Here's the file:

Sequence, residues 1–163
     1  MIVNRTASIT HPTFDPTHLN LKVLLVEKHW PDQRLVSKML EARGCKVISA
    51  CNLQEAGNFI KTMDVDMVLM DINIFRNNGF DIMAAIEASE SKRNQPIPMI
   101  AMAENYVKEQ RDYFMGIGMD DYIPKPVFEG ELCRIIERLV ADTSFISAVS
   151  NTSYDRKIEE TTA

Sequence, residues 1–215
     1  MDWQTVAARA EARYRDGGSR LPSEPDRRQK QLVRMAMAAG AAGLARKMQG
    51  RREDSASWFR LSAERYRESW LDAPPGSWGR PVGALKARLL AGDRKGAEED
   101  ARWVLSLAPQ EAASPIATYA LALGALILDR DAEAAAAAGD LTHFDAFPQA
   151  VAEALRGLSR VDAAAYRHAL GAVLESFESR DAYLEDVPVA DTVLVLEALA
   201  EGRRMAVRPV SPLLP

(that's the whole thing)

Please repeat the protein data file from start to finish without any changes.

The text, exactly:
Sequence, residues 1–163
     1  MIVNRTASIT HPTFDPTHLN LKVLLVEKHW PDQRLVSKML EARGCKVISA
    51  CNLQEAGNFI KTMDVDMVLM DINIFRNNGF DIMAAIEASE SKRNQPIPMI
   101  AMAENYVKEQ RDYFMGIGMD DYIPKPVFEG ELCRIIERLV ADTSFISAVS
   151  NTSYDRKIEE TTA

Sequence, residues 1–215
     1  MDWQTVAARA EARYRDGGSR LPSEPDRRQK QLVRMAMAAG AAGLARKMQG
    51  RREDSASWFR LSAERYRESW LDAPPGSWGR PVGALKARLL AGDRKGAEED
   101  ARWVLSLAPQ EAASPIATYA LALGALILDR DAEAAAAAGD LTHFDAFPQA
   151  VAEALRGLSR VDAAAYRHAL GAVLESFESR DAYLEDVPVA DTVLVLEALA
   201  EGRRMAVRPV SPLLP